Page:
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Beutner's exit shows waning influence of business at City Hall

Former investment banker's withdrawal from mayor's race highlights the rising clout of labor and environmentalists — and the private sector's decline.

May 11, 2012|By Kate Linthicum and David Zahniser, Los Angeles Times
  • Los Angeles Mayor Antonio Villaraigosa, left, and First Deputy Mayor Austin Beutner. Beutner was once seen as businesses' best hope of gaining influence at City Hall.
Los Angeles Mayor Antonio Villaraigosa, left, and First Deputy Mayor Austin… (Al Seib, Los Angeles Times )

When Austin Beutner entered the mayor's race last year, it looked like the wealthy former investment banker and onetime city jobs czar might give the Los Angeles business community its best chance in years at regaining influence at City Hall.

His abrupt exit from the campaign this week after struggles with fundraising and a poor showing in the polls highlights the decline of political power that was once wielded by the city's business elite.

That weakening comes as the business sector's traditional rivals — organized labor and environmental activists — are enjoying increasing influence. Unions and environmental groups are pushing to boost wages for hotel employees, impose potentially costly new regulations on private trash-hauling companies and enact a ban on paper and plastic bags at supermarkets.

Business groups have been fighting those measures while struggling to make headway on issues they support, including the quick elimination of a key business tax that costs companies more than $440 million a year.

How much heft the private sector can muster to battle those proposals — and what role it will play in electing the next mayor — is a question taking on new urgency at City Hall.

"The record is clear that unions have been much more effective at elections than business has," said attorney Ben Reznik, a lobbyist who has worked for real estate developers in Hollywood and elsewhere.

Some business advocates and City Hall insiders complain that the private sector fails to invest the time and money needed to compete with organized labor and defend the few remaining council members who have been reliable allies.

"They don't step up. They don't spend money. They don't organize. They don't talk to each other," said Steve Afriat, a lobbyist whose firm has represented dozens of companies at City Hall.

Gary Toebben, president and chief executive officer of the Los Angeles Area Chamber of Commerce, conceded that business influence in Los Angeles city government has waned in recent decades. It's part of a national shift, he said, as companies turn their focus to the global market.

"I would suggest that probably there's no city in the nation in which business has as much clout as it did 20 years ago," he said, noting that the headquarters of several large corporations that once played a key role in civic life have left Los Angeles.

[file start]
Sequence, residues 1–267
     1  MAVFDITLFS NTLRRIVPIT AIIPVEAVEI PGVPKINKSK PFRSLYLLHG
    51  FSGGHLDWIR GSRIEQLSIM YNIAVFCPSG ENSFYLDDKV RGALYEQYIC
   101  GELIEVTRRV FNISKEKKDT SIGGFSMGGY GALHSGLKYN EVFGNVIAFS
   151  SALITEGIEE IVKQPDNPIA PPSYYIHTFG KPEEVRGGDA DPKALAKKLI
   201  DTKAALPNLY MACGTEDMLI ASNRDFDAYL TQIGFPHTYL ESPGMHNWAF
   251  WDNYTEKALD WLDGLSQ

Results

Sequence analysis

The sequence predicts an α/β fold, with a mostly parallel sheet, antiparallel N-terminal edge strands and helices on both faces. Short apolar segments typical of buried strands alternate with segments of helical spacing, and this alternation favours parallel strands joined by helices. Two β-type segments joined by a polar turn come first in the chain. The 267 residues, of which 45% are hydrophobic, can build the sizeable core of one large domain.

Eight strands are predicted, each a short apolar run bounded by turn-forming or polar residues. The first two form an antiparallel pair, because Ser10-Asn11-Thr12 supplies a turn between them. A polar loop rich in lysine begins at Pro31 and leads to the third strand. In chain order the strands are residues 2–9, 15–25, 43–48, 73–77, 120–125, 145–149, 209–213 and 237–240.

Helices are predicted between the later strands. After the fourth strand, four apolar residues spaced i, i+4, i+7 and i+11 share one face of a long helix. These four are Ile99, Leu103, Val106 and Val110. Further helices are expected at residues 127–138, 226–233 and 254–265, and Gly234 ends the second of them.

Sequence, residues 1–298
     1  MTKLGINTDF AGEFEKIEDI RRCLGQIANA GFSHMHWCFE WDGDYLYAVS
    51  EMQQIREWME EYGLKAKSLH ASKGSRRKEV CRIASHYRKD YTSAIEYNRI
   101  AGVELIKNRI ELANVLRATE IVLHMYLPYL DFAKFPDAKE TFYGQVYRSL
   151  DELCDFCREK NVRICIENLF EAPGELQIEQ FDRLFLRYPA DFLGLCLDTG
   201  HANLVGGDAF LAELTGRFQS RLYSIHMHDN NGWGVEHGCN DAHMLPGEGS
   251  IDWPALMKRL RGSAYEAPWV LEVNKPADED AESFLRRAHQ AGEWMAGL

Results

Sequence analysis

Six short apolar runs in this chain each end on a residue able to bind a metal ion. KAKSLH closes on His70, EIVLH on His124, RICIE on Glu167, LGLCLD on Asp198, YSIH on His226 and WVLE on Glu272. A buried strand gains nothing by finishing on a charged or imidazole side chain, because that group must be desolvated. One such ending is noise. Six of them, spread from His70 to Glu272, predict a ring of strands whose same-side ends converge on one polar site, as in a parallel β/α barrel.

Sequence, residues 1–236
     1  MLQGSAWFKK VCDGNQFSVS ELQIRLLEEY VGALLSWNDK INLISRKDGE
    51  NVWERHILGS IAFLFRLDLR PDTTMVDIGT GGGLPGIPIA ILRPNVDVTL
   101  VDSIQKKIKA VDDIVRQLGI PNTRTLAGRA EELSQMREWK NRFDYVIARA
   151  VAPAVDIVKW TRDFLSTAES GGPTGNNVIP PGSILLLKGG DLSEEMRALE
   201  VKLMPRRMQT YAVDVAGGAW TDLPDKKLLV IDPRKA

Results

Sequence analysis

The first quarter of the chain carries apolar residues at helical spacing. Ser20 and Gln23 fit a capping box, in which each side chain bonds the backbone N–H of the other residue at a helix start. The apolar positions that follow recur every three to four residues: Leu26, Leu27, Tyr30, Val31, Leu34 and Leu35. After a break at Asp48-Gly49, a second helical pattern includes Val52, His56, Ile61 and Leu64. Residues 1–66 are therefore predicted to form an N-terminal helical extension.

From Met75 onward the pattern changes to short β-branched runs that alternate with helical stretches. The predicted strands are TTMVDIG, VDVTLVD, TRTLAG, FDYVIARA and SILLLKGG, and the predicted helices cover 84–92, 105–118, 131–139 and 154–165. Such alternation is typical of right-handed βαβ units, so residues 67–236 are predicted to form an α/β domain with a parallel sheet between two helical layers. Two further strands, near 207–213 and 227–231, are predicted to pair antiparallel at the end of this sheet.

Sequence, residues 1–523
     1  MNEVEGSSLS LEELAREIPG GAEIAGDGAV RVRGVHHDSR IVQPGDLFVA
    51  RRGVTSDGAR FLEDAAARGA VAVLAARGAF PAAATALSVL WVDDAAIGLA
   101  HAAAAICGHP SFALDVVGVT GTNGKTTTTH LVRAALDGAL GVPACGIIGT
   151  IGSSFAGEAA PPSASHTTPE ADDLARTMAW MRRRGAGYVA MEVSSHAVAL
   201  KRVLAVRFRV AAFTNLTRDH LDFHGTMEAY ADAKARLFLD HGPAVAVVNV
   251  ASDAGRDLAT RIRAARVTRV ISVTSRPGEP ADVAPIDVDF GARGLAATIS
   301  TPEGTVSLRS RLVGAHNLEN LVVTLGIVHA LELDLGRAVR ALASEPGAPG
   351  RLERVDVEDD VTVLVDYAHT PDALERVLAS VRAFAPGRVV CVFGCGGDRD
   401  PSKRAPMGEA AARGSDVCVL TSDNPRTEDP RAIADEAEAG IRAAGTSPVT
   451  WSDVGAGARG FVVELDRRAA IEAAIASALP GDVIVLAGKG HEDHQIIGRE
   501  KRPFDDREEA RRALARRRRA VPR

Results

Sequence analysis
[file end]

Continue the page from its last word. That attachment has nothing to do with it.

Some notable big businesses in Los Angeles still work their will on City Hall, often teaming up with unions and well-connected lobbyists. Backing from construction trades and the powerful Los Angeles County Federation of Labor has been central to Anschutz Entertainment Group's success moving forward with its proposed downtown NFL football stadium.

Stuart Waldman, president of the Valley Industry and Commerce Assn., insists that his group is more vital than ever, stopping or softening recent proposals to regulate banks and apartment owners. "You do realize that we live in a Democratically controlled, labor-backed city that is extremely anti-business, right? So, of course, we are spending a lot of time on defense," he said.

Business advocates say that they want a mayoral candidate who will embrace their agenda and exercise independence from labor. In the opening days of his campaign, it appeared that Beutner might fit the bill. He earned an early endorsement from former Mayor Richard Riordan, a Republican and wealthy investor with deep ties to the business community. Beutner, who got an inside, top-level view of City Hall as a $1-a-year first deputy to Villaraigosa, was warmly received by many business leaders as a proven Wall Street success attuned to their needs.

With his departure, and another wealthy civic and business leader, mall developer Rick Caruso, still on the sidelines weighing a run for mayor, it's not clear where traditional business support may gravitate. Three of the remaining mayoral contenders with long City Hall records maintain that they have the interests of business at heart, while simultaneously vying for labor support.

Councilman Eric Garcetti has touted his work in revitalizing Hollywood and attracting electric car manufacturers to the city. Councilwoman Jan Perry has talked up new developments in downtown and South Los Angeles under her watch. Controller Wendy Greuel, a onetime executive at DreamWorks SKG, boasts that she now is the candidate with the most business experience.

At the same time, Greuel and Garcetti frequently rally crowds at labor events. Both have sided with public employee unions by opposing new layoffs to balance the city budget. The only major Republican in the race, former radio host Kevin James, says his fiscally conservative views make him the natural business candidate.

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